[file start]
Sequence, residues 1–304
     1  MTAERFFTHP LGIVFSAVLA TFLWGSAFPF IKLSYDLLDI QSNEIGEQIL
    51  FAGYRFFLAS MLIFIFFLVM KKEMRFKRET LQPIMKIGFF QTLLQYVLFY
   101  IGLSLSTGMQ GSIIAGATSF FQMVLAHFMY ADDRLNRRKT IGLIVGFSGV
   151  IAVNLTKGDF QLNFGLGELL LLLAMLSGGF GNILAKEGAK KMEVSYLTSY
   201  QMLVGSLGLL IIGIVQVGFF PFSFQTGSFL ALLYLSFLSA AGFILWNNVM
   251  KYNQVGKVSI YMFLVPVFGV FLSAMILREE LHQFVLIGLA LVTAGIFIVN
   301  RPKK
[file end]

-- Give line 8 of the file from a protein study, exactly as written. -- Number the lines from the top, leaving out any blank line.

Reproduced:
   301  RPKK